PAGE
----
Fig. 1. (A) Brownish-reddish papules, nodules and pustules on erythematous skin located on the right upper thigh. (B) Skin biopsy revealing a granulomatous and neutrophilic reaction pattern. Identification of acid-fast micro-organisms in skin tissue (Ziehl-Neelsen staining).
M. haemophilum is a slowly growing mycobacterium that differs from other non-tuberculous mycobacteria by its culture requirements. Besides ferric iron supplementation, optimal growing conditions include a temperature of 28–30°C (2, 4). Therefore, with conventional isolation procedures using routine media, M. haemophilum may not be isolated. More recently, new diagnostic procedures using molecular biology techniques, such as real-time PCR, have facilitated quick and reliable detection of mycobacterial strains that have been previously undetectable with conventional methods (5–8). In our case non-tuberculous mycobacteria of the chelonae/abscessus group had initially been isolated. Several months later, after treatment and recurrence of skin lesions, M. haemophilum was identified by 16S rRNA sequencing only, despite optimal culture conditions for isolation of slowly growing non-tuberculous mycobacteria. Whether the initial identification of the fast-growing mycobacteria of the chelonae/abscessus group was due to contamination or to a co-infection of 2 non-tuberculous mycobacteria with overgrowth of the fast-growing mycobacteria of the chelonae/abscessus group remains speculative.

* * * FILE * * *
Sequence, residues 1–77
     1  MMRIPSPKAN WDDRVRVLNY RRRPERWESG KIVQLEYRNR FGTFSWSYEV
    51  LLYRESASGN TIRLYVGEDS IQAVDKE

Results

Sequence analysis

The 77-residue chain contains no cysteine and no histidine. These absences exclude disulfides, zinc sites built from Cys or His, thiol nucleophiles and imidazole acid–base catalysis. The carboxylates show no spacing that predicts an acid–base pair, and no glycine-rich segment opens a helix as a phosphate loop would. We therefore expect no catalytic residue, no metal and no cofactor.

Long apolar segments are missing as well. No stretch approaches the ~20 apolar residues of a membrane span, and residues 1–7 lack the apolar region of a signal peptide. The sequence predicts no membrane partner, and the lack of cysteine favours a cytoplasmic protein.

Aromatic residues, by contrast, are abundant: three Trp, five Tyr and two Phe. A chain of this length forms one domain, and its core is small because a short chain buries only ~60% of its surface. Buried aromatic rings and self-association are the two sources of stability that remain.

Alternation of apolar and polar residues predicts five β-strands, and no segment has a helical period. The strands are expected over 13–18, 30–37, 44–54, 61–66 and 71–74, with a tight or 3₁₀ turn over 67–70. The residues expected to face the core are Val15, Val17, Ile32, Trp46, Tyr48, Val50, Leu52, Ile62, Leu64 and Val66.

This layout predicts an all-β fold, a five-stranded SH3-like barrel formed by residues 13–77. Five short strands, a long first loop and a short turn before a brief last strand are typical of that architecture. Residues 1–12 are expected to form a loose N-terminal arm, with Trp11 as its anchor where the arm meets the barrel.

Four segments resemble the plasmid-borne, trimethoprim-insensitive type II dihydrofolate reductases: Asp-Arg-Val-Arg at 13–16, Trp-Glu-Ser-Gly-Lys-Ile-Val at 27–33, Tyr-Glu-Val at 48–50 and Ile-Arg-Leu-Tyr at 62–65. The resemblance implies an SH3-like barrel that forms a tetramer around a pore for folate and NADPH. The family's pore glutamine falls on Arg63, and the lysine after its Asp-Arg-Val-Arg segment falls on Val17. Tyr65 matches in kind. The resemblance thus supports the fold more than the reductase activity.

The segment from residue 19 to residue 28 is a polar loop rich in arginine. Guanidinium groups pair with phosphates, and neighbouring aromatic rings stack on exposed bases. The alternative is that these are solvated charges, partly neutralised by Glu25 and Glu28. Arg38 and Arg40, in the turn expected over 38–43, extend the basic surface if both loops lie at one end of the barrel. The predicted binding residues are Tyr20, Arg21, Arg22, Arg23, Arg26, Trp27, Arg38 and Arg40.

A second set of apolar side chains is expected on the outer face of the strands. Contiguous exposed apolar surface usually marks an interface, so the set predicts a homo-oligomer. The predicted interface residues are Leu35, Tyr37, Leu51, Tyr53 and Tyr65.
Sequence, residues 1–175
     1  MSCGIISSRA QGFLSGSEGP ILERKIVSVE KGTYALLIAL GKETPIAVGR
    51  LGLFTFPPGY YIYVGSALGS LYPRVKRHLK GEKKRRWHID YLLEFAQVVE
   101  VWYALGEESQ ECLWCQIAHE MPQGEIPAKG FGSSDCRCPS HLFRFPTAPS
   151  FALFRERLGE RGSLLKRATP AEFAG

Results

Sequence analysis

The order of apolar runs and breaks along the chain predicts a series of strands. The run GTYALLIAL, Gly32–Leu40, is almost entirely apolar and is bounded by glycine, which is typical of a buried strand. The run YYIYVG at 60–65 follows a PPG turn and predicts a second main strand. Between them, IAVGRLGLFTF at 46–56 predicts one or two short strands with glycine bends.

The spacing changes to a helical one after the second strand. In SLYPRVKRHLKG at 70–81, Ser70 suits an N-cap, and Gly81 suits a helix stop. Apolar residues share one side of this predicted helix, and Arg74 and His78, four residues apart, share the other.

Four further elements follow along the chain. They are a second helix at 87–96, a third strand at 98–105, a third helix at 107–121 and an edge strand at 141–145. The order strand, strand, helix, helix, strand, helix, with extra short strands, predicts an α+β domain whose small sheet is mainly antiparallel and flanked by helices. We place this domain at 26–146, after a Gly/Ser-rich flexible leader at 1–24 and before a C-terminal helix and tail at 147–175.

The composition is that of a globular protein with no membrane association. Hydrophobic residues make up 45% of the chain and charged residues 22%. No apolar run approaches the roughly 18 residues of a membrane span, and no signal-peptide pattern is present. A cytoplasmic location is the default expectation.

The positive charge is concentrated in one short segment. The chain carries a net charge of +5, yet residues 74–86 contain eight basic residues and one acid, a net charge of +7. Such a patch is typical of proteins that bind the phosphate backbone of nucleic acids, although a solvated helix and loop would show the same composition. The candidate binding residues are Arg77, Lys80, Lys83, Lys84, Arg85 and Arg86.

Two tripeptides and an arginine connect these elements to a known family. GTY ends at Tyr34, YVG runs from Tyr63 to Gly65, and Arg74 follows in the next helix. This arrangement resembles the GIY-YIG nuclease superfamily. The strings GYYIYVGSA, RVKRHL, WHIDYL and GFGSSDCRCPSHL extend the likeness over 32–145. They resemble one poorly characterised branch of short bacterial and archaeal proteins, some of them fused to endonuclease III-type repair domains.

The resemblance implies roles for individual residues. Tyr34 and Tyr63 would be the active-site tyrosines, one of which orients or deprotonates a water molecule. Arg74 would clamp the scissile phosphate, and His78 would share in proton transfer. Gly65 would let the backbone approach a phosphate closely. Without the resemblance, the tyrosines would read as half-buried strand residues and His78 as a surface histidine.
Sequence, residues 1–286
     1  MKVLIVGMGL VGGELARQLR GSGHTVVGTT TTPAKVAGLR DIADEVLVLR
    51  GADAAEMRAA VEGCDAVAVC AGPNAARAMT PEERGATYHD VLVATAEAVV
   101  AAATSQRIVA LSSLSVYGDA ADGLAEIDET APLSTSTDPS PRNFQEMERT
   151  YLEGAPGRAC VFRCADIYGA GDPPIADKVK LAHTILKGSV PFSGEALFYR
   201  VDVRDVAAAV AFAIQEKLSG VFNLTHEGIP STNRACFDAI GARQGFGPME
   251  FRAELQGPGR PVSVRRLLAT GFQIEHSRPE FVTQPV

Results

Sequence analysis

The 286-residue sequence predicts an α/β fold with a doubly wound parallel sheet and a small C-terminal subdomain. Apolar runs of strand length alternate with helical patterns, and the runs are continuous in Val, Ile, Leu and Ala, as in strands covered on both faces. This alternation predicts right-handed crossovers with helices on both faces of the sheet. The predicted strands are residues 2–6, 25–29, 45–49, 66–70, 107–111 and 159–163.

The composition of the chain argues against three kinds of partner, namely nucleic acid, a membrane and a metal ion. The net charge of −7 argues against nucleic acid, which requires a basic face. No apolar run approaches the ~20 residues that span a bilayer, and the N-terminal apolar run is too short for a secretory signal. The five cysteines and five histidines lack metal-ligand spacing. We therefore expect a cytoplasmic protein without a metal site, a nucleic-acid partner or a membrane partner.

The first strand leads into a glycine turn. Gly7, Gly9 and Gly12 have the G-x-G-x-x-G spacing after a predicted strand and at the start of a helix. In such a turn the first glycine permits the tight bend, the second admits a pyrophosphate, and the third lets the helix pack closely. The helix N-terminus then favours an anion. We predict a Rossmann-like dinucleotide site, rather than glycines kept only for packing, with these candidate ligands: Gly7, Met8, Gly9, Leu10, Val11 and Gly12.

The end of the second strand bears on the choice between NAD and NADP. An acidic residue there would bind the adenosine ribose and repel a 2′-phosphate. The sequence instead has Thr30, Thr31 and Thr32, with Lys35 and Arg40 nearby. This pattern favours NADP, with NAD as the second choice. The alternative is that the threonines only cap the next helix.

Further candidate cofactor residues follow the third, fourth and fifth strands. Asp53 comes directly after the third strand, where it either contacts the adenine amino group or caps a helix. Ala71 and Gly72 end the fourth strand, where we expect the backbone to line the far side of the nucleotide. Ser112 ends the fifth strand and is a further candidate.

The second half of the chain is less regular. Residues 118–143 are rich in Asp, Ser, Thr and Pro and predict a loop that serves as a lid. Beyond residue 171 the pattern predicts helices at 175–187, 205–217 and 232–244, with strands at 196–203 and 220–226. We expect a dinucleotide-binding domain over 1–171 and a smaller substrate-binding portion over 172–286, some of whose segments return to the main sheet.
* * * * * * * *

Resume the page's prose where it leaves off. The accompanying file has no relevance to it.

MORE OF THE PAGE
Non-tuberculous mycobacteria are ubiquitously present micro-organisms in soil and water. While in earlier studies the occurrence of M. haemophilum was restricted to areas with large water reservoirs (2) or were due to coral-related injuries (9), more recent reports have also identified clusters of reported cases in urban areas (10). Potential modes of infection with M. haemophilum are currently speculative and may include inhalation and ingestion. Due to the high frequency of cutaneous lesions as the initial presentation in the course of infection, inoculation of micro-organisms via unnoticed microtraumata is also conceivable (2, 11). In this context it may be of interest that clusters of infections were also reported from one medical centre suggesting iatrogenic infections, although the mode of transmission could not be identified (12).